Dr. Weast said the earlier reorganization of Broad Acres, which was sparked by previously declining student progress, was “a unique undertaking in the Montgomery County Public Schools (MCPS), but in a short period of time it has proven to be rich in authentic examples of how such intervention can be replicated elsewhere in our school district.”
The Board of Education has approved the expansion of the full-day kindergarten and reduced class size initiatives to 56 elementary schools next year, compared to nine just two years ago. In addition, other academic supports in mathematics and reading are being planned for the federally funded Title I schools, including the Extended Learning Opportunity program this summer for students in kindergarten through Grade 3.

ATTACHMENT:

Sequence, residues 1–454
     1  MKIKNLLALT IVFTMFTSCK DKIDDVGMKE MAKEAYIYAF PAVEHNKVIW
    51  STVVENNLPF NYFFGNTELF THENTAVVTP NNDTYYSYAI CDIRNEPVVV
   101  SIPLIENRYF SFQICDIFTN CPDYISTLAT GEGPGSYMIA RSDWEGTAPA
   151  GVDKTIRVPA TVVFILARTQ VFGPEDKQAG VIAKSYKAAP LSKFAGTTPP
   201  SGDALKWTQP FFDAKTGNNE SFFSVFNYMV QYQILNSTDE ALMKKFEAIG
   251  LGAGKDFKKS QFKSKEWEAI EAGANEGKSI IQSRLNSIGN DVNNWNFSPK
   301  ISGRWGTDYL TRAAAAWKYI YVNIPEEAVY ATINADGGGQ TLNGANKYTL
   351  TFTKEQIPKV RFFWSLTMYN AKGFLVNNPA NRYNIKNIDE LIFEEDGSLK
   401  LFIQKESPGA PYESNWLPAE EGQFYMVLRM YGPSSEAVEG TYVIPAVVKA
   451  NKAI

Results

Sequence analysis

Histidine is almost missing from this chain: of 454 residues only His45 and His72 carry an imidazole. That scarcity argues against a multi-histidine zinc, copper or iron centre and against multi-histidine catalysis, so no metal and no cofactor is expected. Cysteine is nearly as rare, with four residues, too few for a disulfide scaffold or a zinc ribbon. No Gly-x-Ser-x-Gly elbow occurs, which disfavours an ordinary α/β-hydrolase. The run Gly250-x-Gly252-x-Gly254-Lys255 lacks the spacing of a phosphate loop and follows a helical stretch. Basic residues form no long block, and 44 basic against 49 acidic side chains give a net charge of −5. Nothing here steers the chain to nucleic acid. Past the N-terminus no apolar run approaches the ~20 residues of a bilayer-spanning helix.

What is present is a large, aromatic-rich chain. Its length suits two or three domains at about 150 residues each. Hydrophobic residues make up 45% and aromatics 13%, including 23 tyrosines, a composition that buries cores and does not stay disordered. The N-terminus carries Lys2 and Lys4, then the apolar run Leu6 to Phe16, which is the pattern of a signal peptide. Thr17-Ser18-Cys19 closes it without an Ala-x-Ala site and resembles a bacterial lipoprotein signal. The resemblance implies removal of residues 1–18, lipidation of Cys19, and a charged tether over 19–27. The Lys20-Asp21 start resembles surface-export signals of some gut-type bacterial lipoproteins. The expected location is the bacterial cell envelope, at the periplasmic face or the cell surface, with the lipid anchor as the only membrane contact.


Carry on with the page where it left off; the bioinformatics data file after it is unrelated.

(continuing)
The Broad Acres reorganization last year featured a stronger emphasis on literacy, an extension of the school day and school week, and the implementation of a highly competitive teacher recruitment process that offered stipend incentives for additional work and responsibilities in order to retain a high performance team of professional educators, including many who are bilingual.
The reorganization also involved the collaboration of the school system’s employee professional organizations, including the Montgomery County Education Association, the Montgomery County Association of Administrative and Supervisory Personnel, and Montgomery County Council of Supporting Services Employees.
Parent and community outreach activities included such initiatives as the Community Bridge Project, a unique partnership with former Peace Corps volunteers, immigrant organizations, businesses, and community members who help children and families highly impacted by poverty, language, and mobility.